I support the Government’s aim of making a major reduction in fuel poverty and I admire the Minister’s enthusiasm for the task and her wish to share this with Parliament and to listen to good ideas from across the House.
There are three ways to tackle fuel poverty. The first is to help people to have more efficient appliances and warmer homes so that they need to burn less fuel. The second way is to cut the price of fuel itself and the third way is to help people find better paid jobs and give them encouragement into ways of boosting their income.
We first of all need to work through the Minister on these plans and projects in order that more homes can be upgraded so that people don’t have to live in damp and cold surroundings – how right she is about that. Can I ask her to make common cause with me to the Treasury, as now we are free to choose what to put VAT on and what to take it off. Can we please have a Brexit bonus for those who are in fuel poverty by taking VAT off all those things they need to buy to improve their homes?
Why are we still charging VAT on insulation materials and boiler controls and a whole range of green products that are necessary to lower the fuel bill in the home and to improve its warmth and its fitness for purpose?
That is not too big a charge on the Treasury in terms of lost revenue – indeed it would be a win for both the Government’s green strategy and for its fuel poverty strategy. A dearer item would be to tackle the price of fuel directly by taking VAT off domestic fuel in its entirety. That too I would welcome as I do think that fuel is expensive in this country and electricity is becoming very expensive.
I would also urge the Minister to look at the electricity policy generally. There was a time when we had a great three-legged strategy towards electrical power. The first leg of the strategy was that the Government was responsible for ensuring that we could always generate all the electrical power we need in Britain for ourselves and that we had a decent margin of spare capacity in case a large power station went down or in case of a sudden surge in demand in a very cold winter.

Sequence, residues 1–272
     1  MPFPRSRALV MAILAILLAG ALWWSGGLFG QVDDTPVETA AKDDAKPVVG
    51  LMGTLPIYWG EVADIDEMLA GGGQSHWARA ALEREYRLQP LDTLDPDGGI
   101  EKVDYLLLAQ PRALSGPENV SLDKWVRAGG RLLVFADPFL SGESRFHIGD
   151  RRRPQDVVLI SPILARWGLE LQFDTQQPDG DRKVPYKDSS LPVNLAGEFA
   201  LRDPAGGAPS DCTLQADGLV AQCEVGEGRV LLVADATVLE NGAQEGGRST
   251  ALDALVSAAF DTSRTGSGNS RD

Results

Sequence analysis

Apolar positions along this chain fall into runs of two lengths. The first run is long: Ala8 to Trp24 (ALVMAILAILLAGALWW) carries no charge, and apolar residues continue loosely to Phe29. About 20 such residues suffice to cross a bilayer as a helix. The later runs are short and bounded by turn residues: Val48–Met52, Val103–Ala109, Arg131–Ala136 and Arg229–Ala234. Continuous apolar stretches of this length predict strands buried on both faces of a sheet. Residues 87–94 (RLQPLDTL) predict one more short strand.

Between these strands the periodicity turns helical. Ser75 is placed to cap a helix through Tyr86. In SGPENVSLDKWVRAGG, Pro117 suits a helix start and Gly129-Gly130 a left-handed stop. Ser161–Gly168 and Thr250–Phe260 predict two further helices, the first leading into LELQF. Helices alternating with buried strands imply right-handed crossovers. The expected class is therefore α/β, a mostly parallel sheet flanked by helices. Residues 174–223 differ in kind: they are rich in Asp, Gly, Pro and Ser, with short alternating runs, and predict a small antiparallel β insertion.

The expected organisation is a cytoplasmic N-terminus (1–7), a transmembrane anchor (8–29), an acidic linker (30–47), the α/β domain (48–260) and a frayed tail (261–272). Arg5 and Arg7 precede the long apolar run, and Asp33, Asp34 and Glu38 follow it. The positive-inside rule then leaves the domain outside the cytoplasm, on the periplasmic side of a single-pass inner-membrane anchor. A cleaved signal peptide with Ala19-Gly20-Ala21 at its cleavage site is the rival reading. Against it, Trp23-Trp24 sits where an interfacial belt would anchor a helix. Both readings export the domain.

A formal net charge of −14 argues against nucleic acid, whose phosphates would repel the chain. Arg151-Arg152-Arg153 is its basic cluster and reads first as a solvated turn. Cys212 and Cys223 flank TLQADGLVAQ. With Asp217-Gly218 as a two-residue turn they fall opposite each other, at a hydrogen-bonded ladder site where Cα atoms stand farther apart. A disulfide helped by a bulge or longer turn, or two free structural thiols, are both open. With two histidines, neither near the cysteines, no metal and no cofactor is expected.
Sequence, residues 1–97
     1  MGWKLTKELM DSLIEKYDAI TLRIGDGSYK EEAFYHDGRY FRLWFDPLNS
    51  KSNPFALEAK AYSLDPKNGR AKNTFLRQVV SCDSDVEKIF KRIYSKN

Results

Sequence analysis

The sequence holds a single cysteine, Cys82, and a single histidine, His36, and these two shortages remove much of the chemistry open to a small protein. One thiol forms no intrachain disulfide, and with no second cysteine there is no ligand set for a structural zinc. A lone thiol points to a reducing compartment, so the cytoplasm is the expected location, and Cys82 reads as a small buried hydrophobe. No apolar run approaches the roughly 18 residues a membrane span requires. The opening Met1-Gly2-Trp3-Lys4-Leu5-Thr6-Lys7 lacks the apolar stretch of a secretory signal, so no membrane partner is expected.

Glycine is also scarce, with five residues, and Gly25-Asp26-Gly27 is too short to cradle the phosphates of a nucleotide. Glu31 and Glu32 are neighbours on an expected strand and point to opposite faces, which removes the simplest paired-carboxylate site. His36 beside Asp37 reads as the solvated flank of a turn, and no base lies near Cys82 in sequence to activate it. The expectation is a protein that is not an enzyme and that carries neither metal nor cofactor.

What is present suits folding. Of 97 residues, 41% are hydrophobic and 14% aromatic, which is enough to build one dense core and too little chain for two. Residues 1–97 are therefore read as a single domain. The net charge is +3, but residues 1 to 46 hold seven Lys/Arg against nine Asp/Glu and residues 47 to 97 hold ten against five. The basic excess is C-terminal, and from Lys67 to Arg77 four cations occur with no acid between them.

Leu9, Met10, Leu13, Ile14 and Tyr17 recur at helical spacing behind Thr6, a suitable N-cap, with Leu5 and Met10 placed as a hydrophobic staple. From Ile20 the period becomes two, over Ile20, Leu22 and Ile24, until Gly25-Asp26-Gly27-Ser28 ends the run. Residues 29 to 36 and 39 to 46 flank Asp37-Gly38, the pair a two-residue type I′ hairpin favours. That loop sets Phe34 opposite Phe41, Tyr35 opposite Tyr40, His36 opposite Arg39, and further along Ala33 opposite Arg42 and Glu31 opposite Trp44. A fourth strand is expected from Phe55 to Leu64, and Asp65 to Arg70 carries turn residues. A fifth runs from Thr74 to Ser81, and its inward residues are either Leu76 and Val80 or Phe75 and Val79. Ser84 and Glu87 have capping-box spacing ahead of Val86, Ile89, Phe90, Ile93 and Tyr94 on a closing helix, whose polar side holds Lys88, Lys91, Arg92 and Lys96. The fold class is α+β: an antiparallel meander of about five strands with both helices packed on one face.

We don’t seem to have that anymore and I would urge the Minister to take action as soon as possible to commission the electrical power we are going to need if we do not wish to be dependant on unreliable, potentially very expensive foreign sources for imports should we get into difficulties with the amount of power we have.
The second part of the policy was to go for cheap power and cheap energy because that’s the way to get an industrial recovery and revival and that is the way to get more people out of fuel poverty so they can afford the domestic fuel.
Again, we seem to have dropped that particular leg of our energy policy. We seem to be going for rather dearer fuel – we used to have the belief that the fuel that should be supplied should be the cheapest fuel always whereas now for various other reasons we often opt for a dearer way of producing the electricity or we opt for an apparently cheaper way but we need a lot of expensive backup capacity because renewables are interruptible. I think we need to look at the charging mechanism and try and make sure that overall, with our new mix of energy we can get to cheaper power.
And then, we always had green imperatives as well which are very necessary . Particularlyb important that clean air is central to the whole ambition and that wherever we are burning fuels we do everything we can to avoid dust and soot and particles emerging into the atmosphere because they are not pleasant for any of us.
When it comes to increasing personal incomes that is probably too wide a subject for the limited time of this debate .However can I just say that levelling up must be about encouraging people to go on their own personal journeys – we must be making available the educational opportunities, the training opportunities, the promotion opportunities within public bodies and through the private sector. We must be working with people, so that they see that if they are low paid today they have a reasonable prospect of being better paid tomorrow.
Cheap energy can underpin all of this, because if went for more cheaper energy, supplied domestically, we would then have a bigger industrial base because energy is often a much bigger cost than labour in a modern fully automated factory . That would create more better paid jobs to go alongside the factory in all the things you need to do to design, market and sell on the products that the largely automated factory can produce.
So, Minister, let’s make common cause with the Treasury. Let’s do more at home, let’s create more better paid jobs at home and let’s understand the role of having enough electric capacity to produce cheaper power here for all our ambitions.